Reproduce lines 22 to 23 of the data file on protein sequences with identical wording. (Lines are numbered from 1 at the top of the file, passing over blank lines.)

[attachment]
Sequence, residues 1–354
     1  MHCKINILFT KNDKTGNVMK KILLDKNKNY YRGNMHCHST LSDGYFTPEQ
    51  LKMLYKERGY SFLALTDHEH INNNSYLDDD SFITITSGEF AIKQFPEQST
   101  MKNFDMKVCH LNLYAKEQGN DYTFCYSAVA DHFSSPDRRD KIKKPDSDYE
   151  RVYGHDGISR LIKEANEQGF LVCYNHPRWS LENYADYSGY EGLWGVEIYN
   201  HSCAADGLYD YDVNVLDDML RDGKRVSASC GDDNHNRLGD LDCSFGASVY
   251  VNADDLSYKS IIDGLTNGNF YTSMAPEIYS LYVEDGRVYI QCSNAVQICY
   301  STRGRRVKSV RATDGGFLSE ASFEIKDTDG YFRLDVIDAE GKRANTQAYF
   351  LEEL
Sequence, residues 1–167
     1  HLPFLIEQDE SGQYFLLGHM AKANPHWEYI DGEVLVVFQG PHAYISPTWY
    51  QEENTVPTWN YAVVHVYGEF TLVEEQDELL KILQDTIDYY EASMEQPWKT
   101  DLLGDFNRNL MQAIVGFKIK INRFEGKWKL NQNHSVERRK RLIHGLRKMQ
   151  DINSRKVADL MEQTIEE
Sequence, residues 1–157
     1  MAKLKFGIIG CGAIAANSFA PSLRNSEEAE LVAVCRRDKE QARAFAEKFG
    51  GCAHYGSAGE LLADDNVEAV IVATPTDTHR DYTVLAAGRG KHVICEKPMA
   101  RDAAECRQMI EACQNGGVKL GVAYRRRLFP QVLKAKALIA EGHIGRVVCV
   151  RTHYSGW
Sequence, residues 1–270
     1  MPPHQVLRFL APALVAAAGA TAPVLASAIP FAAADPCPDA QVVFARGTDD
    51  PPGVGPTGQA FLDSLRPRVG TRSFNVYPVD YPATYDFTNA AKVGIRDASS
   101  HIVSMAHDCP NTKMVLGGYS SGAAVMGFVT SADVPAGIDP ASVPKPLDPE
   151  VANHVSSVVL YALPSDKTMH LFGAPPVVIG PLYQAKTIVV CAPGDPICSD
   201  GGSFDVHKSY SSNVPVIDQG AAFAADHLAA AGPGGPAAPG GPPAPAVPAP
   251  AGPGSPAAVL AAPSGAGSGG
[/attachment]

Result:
    51  PPGVGPTGQA FLDSLRPRVG TRSFNVYPVD YPATYDFTNA AKVGIRDASS
   101  HIVSMAHDCP NTKMVLGGYS SGAAVMGFVT SADVPAGIDP ASVPKPLDPE